By S Pathmawathy
Pakatan Rakyat claimed today that the daughter of the recently-retired chief secretary to the government, Mohd Sidek Hassan, has the “lion’s share” in the newly-introduced renewable alternative energy scheme.
DAP national publicity secretary Tony Pua demanded that government explains why a large chunk of the allocation for solar energy via the Feed-in Tariff (FiT) mechanism went to companies without “a proven track record” in the energy field and owned by Mohd Sidek’s (right) daughter Suzi Suliana.
Pua said research showed that Suzi controlls 32.4 percent or 45.9 megawatt out of the quota set for solar energy through FiT, far above the limit of 1MW to 5MW for companies.
He noted that the information was derived from a search on the 12 companies owned by Suzi on the Companies Commission Malaysia (CCM) website.
FiT was introduced to spearhead the development of energy generation from renewable energy, such as biogas, biomass, small hydro plants and the sun.
It is funded by the public via the consumers through a one percent increase in electricity tariffs last year for those using more than 300kWh.
Under the programme, companies in the renewable energy sector are entitled to apply to the Sustainable Energy Development Authority (Seda) to become an FiT approval holder, which can then resell the generated power from renewable energy sources to Tenaga Nasional Bhd, as provided under Seda Act 2011.
The initiative is overseen by the Energy, Green Technology and Water Ministry, which promised to prevent “monopolisation” to any FiT applicant.
“No preferential treatment will be given to any FiT application. All FiT applications will be treated fairly and equally through a transparent application process,” said Pua, quoting a past statement from the ministry.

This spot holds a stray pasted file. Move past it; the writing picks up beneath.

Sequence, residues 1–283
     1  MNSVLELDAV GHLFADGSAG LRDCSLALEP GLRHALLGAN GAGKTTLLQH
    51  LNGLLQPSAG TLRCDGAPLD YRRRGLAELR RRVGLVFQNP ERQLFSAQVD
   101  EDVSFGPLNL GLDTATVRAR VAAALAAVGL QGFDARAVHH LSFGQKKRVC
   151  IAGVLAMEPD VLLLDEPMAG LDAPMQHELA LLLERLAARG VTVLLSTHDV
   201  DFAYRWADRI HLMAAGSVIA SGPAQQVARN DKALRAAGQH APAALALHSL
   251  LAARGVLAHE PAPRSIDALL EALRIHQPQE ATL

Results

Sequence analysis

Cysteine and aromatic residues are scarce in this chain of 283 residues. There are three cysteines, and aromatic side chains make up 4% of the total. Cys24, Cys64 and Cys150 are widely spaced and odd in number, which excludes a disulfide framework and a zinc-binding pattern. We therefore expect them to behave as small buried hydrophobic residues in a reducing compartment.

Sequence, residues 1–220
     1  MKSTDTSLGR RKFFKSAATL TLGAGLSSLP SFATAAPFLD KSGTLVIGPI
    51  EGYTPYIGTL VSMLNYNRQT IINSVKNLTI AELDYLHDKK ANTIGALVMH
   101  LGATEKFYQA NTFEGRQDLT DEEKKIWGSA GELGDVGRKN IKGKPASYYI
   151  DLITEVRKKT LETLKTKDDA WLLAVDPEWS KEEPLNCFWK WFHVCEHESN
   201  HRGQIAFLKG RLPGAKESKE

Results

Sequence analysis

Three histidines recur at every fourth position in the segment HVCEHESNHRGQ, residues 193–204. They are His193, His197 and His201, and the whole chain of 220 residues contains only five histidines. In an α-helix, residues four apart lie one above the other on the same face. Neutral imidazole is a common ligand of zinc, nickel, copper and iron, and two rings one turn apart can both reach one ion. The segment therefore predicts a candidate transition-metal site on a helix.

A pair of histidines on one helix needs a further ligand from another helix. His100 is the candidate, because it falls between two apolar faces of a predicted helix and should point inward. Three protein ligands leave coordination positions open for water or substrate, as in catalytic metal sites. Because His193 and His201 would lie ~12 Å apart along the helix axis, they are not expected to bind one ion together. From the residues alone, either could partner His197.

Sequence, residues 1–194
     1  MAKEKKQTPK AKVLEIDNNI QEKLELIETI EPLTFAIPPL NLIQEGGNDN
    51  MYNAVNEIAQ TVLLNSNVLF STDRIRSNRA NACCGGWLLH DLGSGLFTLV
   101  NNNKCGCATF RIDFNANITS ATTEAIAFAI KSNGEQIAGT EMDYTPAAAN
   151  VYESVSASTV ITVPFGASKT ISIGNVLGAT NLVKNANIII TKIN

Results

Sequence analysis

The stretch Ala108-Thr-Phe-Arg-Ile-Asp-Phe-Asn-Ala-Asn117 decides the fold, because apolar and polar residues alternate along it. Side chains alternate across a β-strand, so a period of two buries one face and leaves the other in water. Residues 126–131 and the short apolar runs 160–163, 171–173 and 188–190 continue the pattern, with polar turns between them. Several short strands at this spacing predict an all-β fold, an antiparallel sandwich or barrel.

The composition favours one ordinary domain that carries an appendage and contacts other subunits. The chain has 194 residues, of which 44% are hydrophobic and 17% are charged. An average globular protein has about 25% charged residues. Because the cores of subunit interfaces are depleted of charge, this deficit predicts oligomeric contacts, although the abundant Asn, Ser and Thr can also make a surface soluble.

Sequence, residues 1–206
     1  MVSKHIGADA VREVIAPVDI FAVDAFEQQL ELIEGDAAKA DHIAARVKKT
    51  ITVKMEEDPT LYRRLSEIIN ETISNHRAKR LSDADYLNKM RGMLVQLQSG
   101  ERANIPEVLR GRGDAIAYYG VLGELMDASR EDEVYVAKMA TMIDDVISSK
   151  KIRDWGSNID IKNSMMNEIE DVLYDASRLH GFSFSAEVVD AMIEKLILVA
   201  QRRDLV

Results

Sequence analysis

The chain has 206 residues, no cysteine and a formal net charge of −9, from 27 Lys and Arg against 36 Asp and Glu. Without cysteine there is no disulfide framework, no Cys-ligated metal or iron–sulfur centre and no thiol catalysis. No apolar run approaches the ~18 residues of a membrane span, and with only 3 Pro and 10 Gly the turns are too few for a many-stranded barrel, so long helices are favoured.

According to Pua, Suzi secured the contracts together with her husband and business partner Todd Michael Morath, but their ownership is hidden via a complex layer of “holding companies and joint-ventures”.
“Suzi and Morath together own 100 percent of Sun Energy Ventures Sdn Bhd, which owns 98 percent of three companies – Hundrad Tech Sdn Bhd, Indo Eagle Sdn Bhd and Sharp Crest Sdn Bhd – which hold 51 percent stake in nine companies that secured 32.6MW of the total quota allocated to companies given allocations of between 1MW and 5MW.
“Suzi’s business partners and shareholders of Sharp Crest and Indo Eagle, Lim Boon Huay and Yap Kian Mun, separately own 100 percent of Semangat Sarjana Sdn Bhd, Kenari Pasik Sdn Bhd and Tiara Insight Sdn Bhd, which own 99.99 percent of three companies – Ambang Fiesta Sdn Bhd, Gaya Dunia Sdn Bhd and Rentak Raya Sdn Bhd – which secured 13.3MW of the solar power quota,” Pua said.
‘Companies set up only on Nov 11, 2011′
“What is more shocking is the fact that all of these companies except for Sun Ventures (May 2010) and Uptown Sdn Bhd (September 2011), were set up only on Nov 11, 2011 or less than one month before applications for the permits were supposed to have been given out on Dec 2,” Pua said.
At a press conference today, he added that these companies secured quotas far above those allocated for established power players such as Cypark Resources Bhd and Petronas Power Sdn Bhd, which received 9.2 percent and 7.1 percent respectively.
“It only proves that none of these companies have any track record or experience with solar power generation but they were still given the lion’s share of the lucrative power quota,” he said.
Pua urged Energy, Green Technology and Water Minister Peter Chin and Seda chairperson Fong Chan Onn to explain the FiT application process and to douse doubts on the “integrity and competency” of Seda.
“The award has also created a lot of disquiet and unhappiness in the renewable energy industry, with many players claiming foul play and favouritism in the award of the quota,” he added.
When contacted for clarification, Chin told Malaysiakini that he would check on the allegations with the relevant officials and issue a statement on the matter. – Mkini